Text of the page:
"He murdered it. The ball went straight over square leg for six and their whole team went 'that's ridiculous', and it was. It was next level. He's just different to us. You could see it as clear as day then, and he's he even further in front now."

Smith debuted in first grade for Sutherland when he was just 16. First grade is one level below state level cricket and it's serious stuff. A typical side has a mixture of talented cricketers playing for the love of the game, and guys with dreams of higher honours. It's an imposing environment for any 16-year-old.

What Smith did in his first match shocked everybody. At one point in his innings, Smith hit a six, then blocked the next ball. The bowler then challenged him to hit another six. Smith obliged with an even bigger one than before.

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A very boyish Steve Smith with the late Phillip Hughes (left) playing for NSW in India in 2009 in the Champions League Twenty20 Final.

But it's what Smith did afterwards in the dressing room that really shocked his teammates.

"He was very, very quiet when we started and he was the butt of our jokes," Hughston recalled. "We told him we have a tradition that when you make your first grade debut you sing a song. So at the end of the game, everyone said 'what song are you going to sing?'.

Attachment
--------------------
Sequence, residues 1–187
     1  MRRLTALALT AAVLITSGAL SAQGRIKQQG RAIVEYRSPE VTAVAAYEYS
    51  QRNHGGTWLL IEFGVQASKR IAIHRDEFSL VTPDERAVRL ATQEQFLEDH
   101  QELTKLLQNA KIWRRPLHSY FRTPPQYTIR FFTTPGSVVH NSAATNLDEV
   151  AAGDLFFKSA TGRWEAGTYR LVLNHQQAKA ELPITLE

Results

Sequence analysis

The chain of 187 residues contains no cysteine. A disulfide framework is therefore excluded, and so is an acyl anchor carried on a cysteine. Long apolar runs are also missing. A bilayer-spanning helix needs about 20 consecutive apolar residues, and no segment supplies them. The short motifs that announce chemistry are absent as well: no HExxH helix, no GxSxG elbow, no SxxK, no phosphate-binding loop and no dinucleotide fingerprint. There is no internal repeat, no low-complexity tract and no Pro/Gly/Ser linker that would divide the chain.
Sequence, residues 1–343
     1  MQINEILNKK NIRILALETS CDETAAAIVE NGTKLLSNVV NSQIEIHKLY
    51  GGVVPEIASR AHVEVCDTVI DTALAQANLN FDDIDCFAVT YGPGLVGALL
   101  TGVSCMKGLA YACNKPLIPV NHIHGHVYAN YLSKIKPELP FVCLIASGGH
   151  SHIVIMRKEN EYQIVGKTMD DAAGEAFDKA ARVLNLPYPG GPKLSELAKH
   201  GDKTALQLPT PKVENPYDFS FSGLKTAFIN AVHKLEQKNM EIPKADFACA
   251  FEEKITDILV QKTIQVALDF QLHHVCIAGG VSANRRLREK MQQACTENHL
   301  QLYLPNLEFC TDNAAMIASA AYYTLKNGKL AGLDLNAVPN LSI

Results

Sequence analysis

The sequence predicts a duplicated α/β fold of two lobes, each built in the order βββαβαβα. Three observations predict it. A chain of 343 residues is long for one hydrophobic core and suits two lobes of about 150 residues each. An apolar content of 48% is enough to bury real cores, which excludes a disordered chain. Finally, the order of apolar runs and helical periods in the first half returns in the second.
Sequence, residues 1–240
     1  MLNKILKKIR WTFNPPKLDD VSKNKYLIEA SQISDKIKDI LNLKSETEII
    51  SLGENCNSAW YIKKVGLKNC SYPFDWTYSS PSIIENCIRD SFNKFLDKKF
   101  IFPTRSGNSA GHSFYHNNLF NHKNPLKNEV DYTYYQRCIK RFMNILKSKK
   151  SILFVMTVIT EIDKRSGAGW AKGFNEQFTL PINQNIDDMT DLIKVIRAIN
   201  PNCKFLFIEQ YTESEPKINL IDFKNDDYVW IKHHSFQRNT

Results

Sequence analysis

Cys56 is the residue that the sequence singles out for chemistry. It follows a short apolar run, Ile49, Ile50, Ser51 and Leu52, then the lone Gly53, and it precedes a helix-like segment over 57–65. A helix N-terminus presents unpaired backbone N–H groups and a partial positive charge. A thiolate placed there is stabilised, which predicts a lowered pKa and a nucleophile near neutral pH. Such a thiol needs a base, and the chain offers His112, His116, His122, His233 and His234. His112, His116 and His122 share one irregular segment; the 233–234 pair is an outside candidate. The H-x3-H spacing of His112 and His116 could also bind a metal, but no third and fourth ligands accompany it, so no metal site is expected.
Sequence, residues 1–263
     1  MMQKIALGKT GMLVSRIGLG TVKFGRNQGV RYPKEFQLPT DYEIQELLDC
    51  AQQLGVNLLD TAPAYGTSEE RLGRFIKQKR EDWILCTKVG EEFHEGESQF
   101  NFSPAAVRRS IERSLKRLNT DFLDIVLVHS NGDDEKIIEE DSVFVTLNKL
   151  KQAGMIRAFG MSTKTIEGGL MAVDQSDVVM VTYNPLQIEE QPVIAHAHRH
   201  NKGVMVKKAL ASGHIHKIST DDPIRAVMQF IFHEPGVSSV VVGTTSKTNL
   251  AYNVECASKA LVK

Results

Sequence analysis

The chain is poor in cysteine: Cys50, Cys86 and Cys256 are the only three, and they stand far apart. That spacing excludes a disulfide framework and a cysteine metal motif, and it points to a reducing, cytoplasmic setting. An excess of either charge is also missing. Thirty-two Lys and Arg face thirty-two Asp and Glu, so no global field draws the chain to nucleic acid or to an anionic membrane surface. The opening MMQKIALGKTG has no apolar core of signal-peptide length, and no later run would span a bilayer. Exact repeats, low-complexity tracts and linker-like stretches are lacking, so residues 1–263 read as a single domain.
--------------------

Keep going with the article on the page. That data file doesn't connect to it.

"He gets up and starts singing 'happy birthday to you' in the style of Marilyn Monroe [to JFK]. We couldn't believe it.

"He is more of a character than he lets on. Back in the day you didn't speak until you were spoken to. But he's a mini prankster. He loves a laugh and loves every minute of being on a cricket field. He can be very, very funny actually, no matter what the situation."

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He's got the respect of his teammates and, unusually, pretty much the entire media pack.

Smith was a star at every level of junior cricket he played. He was cricketer of the year at the age of nine at Illawong-Menai Junior Cricket Club, after a season in which he averaged almost 100 with the bat and took a wicket for every 5 runs scored against his bowling. Which is amazing.

People often forget that when Smith won his first baggy green for Australia -- he made his Test debut at Lord's, in a match against Pakistan played on neutral turf -- he batted at number eight in the order, after the wicket keeper.

He was initially seen as a spin bowler who also bats. He was even seen in some quarters as the new Shane Warne. He's now officially the world's number one batsman, with a bullet.

Smith's father Peter, who has a degree in chemistry, gave an interesting interview to the ABC two years ago, when his son was first named Australian captain.

"One of his teachers in primary school asked the class what they all wanted to be when they grew up and Steve said 'a cricketer,'" the elder Smith reminisced.

"She said 'you won't earn much money in that, will you?'"

Wrong. Smith now earns well over $1 million a year on his Cricket Australia contract, plus match payments, plus considerably more for endorsements. 18 months ago, he was estimated to have earned $3.1 million in total over the year.